• Sony used hothousing to explore how technology can enable sustainable lifestyles in the future in a project called “Futurescapes”. The project brought together a range of internal and external experts to explore the potential contribution that technology can make in shaping a better, more sustainable future. The intense sessions, well away from the daily grind but with a clear relevance to Sony’s future success, has created a pipeline of innovations.

  • Marks & Spencer has a conscious collaboration with Oxfam that allows M&S customers to take their unwanted clothes to M&S stores instead of throwing them away. The partnership gives M&S greater trust from customers and more assets to use.

  • Unilever has recently launched an open innovation on-line platform to gather and assess ideas from outside the company to bolster sales from new products and improve environmental practices. Unilever is asking for ideas from universities, engineering and design companies, and environmental groups around the world.

Advantages and possible disadvantages of breakthrough innovation

No one can guarantee that a breakthrough innovation process will work. That is why it should only be part of your portfolio. There is a risk of people having hobby horses; you will need a strong process to stop concepts.

The risk of inaction is large. In the words of a Nike CEO, “the long-term potential of virtually every major company in the world is threatened”. Devoting some resources to breakthrough innovations can create a path for your company to being successful in a sustainable world.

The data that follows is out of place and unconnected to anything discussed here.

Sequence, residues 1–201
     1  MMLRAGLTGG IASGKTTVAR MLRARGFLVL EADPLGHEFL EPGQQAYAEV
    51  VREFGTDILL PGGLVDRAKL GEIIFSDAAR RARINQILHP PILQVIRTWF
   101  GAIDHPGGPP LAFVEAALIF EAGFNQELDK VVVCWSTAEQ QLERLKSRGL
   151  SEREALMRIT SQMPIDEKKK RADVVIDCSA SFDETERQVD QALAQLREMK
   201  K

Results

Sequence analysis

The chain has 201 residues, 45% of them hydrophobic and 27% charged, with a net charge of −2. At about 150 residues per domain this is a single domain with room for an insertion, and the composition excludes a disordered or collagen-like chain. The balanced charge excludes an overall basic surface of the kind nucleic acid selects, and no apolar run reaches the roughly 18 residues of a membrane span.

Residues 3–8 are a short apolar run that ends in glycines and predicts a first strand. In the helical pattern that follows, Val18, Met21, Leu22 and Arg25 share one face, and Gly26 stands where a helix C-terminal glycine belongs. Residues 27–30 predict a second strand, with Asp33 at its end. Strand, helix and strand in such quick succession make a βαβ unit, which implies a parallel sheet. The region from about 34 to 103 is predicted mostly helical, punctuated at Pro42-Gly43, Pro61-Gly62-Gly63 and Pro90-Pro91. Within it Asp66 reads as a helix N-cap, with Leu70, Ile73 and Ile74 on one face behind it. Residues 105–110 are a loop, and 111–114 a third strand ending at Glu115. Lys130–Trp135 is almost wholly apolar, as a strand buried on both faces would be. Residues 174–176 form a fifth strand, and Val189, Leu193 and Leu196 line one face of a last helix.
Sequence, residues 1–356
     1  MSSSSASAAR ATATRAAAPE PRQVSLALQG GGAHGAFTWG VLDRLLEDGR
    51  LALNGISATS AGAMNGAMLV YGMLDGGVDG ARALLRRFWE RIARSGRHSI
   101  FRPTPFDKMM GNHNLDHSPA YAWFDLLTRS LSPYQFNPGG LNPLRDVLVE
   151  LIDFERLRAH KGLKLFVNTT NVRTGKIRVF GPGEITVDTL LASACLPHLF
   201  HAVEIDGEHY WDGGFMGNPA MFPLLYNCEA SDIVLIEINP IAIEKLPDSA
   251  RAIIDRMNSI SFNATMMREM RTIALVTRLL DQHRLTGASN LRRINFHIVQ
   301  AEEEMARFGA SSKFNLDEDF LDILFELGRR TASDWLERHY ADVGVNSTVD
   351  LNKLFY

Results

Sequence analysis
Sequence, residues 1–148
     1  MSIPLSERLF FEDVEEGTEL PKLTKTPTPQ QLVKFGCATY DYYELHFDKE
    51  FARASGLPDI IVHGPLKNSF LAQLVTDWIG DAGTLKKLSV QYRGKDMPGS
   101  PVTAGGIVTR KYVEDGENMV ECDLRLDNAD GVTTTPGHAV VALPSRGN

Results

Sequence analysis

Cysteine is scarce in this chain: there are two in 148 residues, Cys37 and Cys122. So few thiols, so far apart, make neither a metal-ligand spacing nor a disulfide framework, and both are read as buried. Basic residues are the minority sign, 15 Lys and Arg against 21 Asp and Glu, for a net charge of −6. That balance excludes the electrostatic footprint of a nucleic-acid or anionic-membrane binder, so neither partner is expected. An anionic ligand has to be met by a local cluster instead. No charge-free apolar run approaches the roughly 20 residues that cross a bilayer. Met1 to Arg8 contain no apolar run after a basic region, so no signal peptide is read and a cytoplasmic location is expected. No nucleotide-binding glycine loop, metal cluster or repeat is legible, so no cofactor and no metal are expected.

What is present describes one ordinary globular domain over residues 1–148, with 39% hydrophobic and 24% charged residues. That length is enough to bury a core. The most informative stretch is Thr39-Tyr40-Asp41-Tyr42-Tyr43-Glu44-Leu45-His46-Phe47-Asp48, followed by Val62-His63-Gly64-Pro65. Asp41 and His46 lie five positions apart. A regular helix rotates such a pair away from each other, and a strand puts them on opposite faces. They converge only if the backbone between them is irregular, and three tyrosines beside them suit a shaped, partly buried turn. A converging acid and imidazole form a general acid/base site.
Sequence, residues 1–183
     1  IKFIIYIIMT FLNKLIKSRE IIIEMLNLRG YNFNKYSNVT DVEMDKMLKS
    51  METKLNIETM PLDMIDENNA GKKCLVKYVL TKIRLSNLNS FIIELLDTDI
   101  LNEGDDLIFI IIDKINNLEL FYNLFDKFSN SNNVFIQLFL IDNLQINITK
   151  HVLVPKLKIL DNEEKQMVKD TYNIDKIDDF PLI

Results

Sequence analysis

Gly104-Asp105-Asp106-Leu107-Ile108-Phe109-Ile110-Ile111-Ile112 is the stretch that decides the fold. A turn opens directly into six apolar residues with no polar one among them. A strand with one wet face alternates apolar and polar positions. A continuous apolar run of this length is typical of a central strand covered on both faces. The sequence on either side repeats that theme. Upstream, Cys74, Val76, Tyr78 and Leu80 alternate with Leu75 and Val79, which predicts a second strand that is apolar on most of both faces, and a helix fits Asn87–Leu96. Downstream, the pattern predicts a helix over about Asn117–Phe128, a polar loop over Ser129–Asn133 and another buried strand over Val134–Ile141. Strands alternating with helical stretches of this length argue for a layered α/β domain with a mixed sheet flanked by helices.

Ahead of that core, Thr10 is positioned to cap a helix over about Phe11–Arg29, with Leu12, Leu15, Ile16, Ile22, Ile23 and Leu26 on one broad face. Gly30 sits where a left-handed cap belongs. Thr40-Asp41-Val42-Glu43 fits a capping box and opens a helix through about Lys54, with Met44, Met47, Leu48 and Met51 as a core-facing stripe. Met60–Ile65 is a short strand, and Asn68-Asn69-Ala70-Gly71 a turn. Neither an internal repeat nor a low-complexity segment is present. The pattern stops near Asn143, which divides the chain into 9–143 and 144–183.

Summary

Breakthrough innovations are new products or services that both shift the market and create superior sustainability outcomes. Think Cafédirect. You too can make it happen by having part of your organisation act like an entrepreneur:

  1. Have a balanced portfolio of activity.

  2. Embed in your culture.

  3. Have formal structures that protect breakthrough ideas.

Companies need breakthrough innovations to succeed; we all need those breakthroughs to help create a sustainable world.

About the author

David Bent is Deputy Director at non-profit Forum for the Future. He runs Forum’s Sustainable Business Practice, which helps leading companies like Unilever and O2 go further on sustainability issues like climate change and poverty. Forum for the Future works globally with business and government to create a sustainable future.

Last reviewed 17 August 2012